Emergency Contraception and Scientific Uncertainty

Several intriguing comments were made to my post on “legitimate rape, contraception, and the Catholic Church.”

There is vigorous debate in Catholic bioethic circles regarding whether the ERDs mandate testing for pregnancy at the time of sexual assault versus testing for ovulation. My understanding of the process of conception is that the window for conception is the 12-24 hours after ovulation when the ovum is able to be fertilized. Sperm take a few hours to reach the distal ends of the fallopian tubes, where fertilization takes place. Our NFP teachers would know more about the window of opportunity, but I thought fertilization was the result of sperm waiting at the distal end of the fallopian tubes at the time of ovulation. Therefore, a woman would need to be raped, sperm would need to move into place, and then a woman would need to ovulate after the sexual assault for fertilization to be the result of the rape. Given that a woman is only fertile for an approximately 24 hour window in her cycle, during any given sexual assault during any given cycle, there is a very low chance that any given woman would be able to be impregnated as a result of an assault. I have seen mention of an article which I think Rep. Akin is referencing when he speaks to a woman’s body trying to prevent a pregnancy in the face of a sexual assault: a 1981 study by Mahkorn and Dolan regarding pregnancy rates in sexual assault. I have not yet found this article, either via PubMed or Google Scholar. I have seen reference to it in a chapter I have from a book entitled Ethical Issues in Reproduction. I’m going to try to track it down, it may be available via interlibrary loan.

A more recent study in 1996 estimates the rate of pregnancy after sexual assault at no greater than 5% (Holmes, et al). This is still a large number (approximately 36,000 pregnancies a year). Of interest is a statement in their conclusion which reads “Rape-related pregnancy occurs with significant frequency. It is a cause of many unwanted pregnancies and is closely linked with family and domestic violence.” I think this plays into Akin’s statement about “legitimate rape” contrasting women raped by partners or family members versus those whose rape is the result of a crime committed by a stranger (I’m not implying that one type of sexual assault is more legitimate than the other).

A really great article to look at is written by Daniel P. Sulmasy, MD, entitled “Emergency Contraception for Women Who Have Been Raped: Must Catholics Test for Ovulation, or is Testing for Pregnancy Morally Sufficient? (Kennedy Institute of Ethics Journal, 2006. Vol 16, No 4, 305-311). His abstract states: “on the gr0unds that rape is an act of violence, not a natural act of intercourse, Roman Catholic teaching traditionally has permitted women who have been raped to take steps to prevent pregnancy, while consistently prohibiting abortion even in the case of rape. Recent scientific evidence that emergency contraception (EC) works primary by preventing ovulation, not by preventing implantation or by aborting implanted embryos, has led Church authorities to permit the use of EC drugs in the setting of rape. Doubts about whether an abortifacient effect of EC drugs has been completely disproven…[has] lead to controversy with the Church about whether it is sufficient to determine that a woman is not pregnant before using EC drugs or whether one must establish that she has not recently ovulated. This article presents clinical, epidemiological, and ethical arguments why testing for pregnancy should be morally sufficient for a faith community that is strongly opposed to abortion.”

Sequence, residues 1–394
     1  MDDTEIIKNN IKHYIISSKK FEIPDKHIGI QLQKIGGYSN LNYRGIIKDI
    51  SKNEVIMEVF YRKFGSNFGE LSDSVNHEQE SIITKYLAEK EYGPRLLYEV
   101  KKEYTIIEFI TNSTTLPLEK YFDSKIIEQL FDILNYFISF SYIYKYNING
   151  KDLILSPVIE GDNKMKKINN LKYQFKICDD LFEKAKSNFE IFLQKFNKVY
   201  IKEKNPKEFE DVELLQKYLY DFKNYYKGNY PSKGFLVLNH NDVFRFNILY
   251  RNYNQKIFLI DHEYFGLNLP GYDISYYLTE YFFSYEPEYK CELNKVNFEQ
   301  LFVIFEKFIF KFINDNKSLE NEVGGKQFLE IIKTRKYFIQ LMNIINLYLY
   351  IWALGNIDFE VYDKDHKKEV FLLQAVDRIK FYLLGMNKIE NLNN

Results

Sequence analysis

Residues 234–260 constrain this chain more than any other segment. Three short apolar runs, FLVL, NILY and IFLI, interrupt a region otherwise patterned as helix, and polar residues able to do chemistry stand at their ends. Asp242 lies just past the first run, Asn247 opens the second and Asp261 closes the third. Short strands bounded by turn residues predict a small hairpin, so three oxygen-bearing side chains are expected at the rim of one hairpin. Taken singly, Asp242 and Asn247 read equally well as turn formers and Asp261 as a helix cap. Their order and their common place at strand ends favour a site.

Dr. Sulmasy speaks about scientific and practical uncertainty: there are some things that are not known, much of what is claimed to be known is provisional, and much of that is statistical. If we know that something happens 1% of the time, we do not know if the patient being seen will fall into that 1%. As it is now known that the major effect of EC drugs is to prevent ovulation—which is morally permissible as it functions to prevent fertilization from the “unjust aggressor” it becomes necessary to change our prior strongly held beliefs about the abortifacient effect of EC. Obviously, most drugs work on more than one level or do more than one thing. And no one can be 100% certain that these drugs do not on the very rare occasion prevent implantation of a fertilized ovum. But we live with medical uncertainty all the time and rape victims shouldn’t be held to a higher standard of proof of non-pregnancy than other women. For instance, if I need a CT scan and I’m sexually active but not using contraception, the Radiology Department may require that I undergo a standard urine pregnancy test to ensure I’m not pregnant to avoid harmful radiation. But there is no guarantee that I’m not less than 10 days pregnant at the time of the pregnancy test. Theoretically I could be radiated and suffer a spontaneous abortion that is a result of that radiation exposure. We don’t require these women to demonstrate whether or not they have ovulated, so why should this burden be placed on the victim of sexual assault?

This entry was posted in abortion, Akin, Bioethics, ERDs, Law, legitimate rape, rape, Religion, sex abuse. Bookmark the permalink.

One Response to Emergency Contraception and Scientific Uncertainty

  1. I liked your comparison to a woman undergoing radiation. Really makes sense. Thanks!

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